The permission for 100 per cent FDI in the marketplace is subject to two main riders, that is “the entity cannot permit more than 25 per cent of total sales on its platform from one vendor or its group companies. Further, it can’t directly or indirectly influence the sale price.” Sans any specification as to “who the vendor is”, a firm linked to the marketplace (either its subsidiary or a Joint Venture with an Indian company) is eligible.

Thus, contrary to the real intent of the policy, which disallowed the marketplace owner from direct selling to individual consumers, the fine print permitted them to do so — albeit by its subsidiary or JV. This is precisely what e-commerce majors such as Amazon and Flipkart/Walmart have been doing even though they came in as marketplace operators. They are operating as direct sellers, controlling inventory, giving discounts and so on.  

A clarification to Press Note 3 issued on December 26, 2018 has not materially altered the position on ground zero. It says “the owner of the marketplace or its subsidiary or its JV with Indian company can’t have ownership of the seller.” Further, “a seller/firm on the platform can’t source more than 25 per cent of its inventory from a firm connected with the latter.” The marketplace owner can get around both. First, by having less than 50 per cent shareholding in the seller firm and argue, he has no control (albeit majority) over the latter and second through the wholesale arm continuing supplies to the seller but within the 25 per cent threshold.    

The clarification has not deterred their hold over Indian retail; they are dominant sellers themselves, giving little space to millions of small vendors for whose benefit this unique policy dispensation of the marketplace was designed. Disingenuous bureaucrats allowed them to do so by crafting policy architecture to suit them.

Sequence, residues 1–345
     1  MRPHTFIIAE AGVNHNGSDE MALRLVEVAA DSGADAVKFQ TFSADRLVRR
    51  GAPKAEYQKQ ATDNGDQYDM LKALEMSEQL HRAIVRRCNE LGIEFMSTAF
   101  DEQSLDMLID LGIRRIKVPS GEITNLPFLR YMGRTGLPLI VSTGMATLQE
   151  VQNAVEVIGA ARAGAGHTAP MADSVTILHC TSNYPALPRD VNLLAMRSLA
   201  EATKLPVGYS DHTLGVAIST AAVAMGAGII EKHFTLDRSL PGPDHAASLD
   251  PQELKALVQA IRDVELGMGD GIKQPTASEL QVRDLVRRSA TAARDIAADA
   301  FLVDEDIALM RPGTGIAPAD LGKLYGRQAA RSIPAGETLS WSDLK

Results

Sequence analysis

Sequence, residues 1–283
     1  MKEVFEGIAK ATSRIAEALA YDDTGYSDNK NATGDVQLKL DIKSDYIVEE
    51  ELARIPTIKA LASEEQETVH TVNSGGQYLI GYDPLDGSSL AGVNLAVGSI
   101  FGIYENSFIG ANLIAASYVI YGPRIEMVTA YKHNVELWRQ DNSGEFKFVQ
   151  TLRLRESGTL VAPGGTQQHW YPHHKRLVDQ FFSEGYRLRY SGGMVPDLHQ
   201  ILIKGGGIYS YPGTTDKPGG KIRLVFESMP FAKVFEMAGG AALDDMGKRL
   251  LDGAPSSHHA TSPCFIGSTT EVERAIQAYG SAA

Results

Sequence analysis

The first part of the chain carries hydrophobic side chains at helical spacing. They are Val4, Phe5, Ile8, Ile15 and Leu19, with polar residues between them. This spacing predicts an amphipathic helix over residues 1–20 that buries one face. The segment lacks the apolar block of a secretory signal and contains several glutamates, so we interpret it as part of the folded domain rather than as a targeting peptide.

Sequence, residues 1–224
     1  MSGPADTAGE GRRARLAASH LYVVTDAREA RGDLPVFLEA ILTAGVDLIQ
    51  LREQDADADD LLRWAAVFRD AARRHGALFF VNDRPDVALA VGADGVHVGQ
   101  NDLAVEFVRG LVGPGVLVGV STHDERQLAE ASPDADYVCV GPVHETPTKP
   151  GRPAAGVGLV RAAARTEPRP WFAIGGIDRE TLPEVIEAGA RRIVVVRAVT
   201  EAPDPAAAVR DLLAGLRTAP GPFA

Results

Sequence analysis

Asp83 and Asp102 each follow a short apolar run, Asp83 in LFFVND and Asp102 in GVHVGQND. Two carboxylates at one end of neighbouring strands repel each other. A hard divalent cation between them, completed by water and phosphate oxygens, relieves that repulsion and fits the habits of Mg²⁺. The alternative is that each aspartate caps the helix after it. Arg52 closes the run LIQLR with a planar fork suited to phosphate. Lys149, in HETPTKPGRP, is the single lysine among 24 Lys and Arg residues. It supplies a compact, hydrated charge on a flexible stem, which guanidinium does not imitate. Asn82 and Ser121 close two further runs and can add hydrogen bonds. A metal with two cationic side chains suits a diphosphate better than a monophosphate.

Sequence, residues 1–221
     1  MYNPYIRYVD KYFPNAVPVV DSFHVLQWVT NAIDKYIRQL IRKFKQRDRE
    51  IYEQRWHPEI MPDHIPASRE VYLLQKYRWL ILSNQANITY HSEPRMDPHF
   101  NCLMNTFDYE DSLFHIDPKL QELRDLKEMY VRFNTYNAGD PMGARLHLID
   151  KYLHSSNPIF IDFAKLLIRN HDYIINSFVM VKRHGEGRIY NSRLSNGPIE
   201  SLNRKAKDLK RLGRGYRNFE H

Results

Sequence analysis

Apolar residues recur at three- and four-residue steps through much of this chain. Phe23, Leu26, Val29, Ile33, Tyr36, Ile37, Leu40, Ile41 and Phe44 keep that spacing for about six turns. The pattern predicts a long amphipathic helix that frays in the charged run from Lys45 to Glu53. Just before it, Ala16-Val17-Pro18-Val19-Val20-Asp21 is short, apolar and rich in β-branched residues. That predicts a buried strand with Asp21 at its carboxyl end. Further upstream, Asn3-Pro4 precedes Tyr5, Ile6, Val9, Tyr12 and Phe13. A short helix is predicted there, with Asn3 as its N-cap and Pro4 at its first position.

The small vendors, through their umbrella organisations such as All India Online Vendors Association (AIOVA), Retailers Association of India (RAI), Delhi Vyapar Mahasangh (DVM) and so on, have petitioned judicial authorities at various levels seeking action against Amazon/Flipkart for violation of FDI norms and indulging in unfair practices but have not got any relief. The sole reason is that the courts go by the fine print which suits these giants.

Unlike the marketplaces of foreign e-commerce majors, JioMart commerce platform floated by RIL holds the potential of giving a boost to the small vendors, but even this may not gel with the extant policy framework. Even as the main thrust of the policy is on “complete prohibition of FDI in direct selling to individual consumers”, JioMart, which is deeply entrenched in direct sales, has received investment from Facebook — a foreign company.

Like Amazon et al, Reliance/Facebook may get around by citing that foreign shareholding in the seller firm is less than 50 per cent or a wholesaler linked to JioMart owner Reliance/Facebook will keep its supplies to the vendor within the 25 per cent threshold. Or they may carve out a separate entity entirely for food retail where 100 per cent FDI is allowed. This way, the two would be able to demonstrate that they are not violating the rule book. But this is not the way to go. 

Looking at what is happening on ground zero, it is abundantly clear that the Modi Government has no objection to permitting FDI in online retail and even in offline retail (albeit without any riders) as amply demonstrated by the treatment meted out to Amazon/Flipkart earlier and now to Facebook riding piggyback on RIL. If that be so, then why allow it to happen in a vague and convoluted manner? Why should the policy not be clear-cut and transparent? Why should FDI not be allowed through the front door?  

The Government should shun the marketplace model. It should allow 100 per cent FDI in retail in both online and offline without any riders (the special categories such as 100 per cent FDI in food retail should go). This will level the playing field for all, online vs offline, food retail vs non-food, marketplace vs inventory and so on and eliminate discretion of bureaucrats whose writ is all-pervasive when it comes to grant of approvals.

It will help small traders by leading to all-round development of infrastructure and offering a wide range of choice for sourcing products. They can and will co-exist with big players — both foreign and Indian. It will be pro-consumer in the long-run with many players catering to their needs at competitive/affordable price. Sans these policy changes, under business as usual scenario, the consumers will pay a heavy price in the medium to long-term as Indian retail will be cartelised by a few players viz. Amazon, Walmart and Facebook/RIL.

(The writer is a New Delhi-based policy analyst)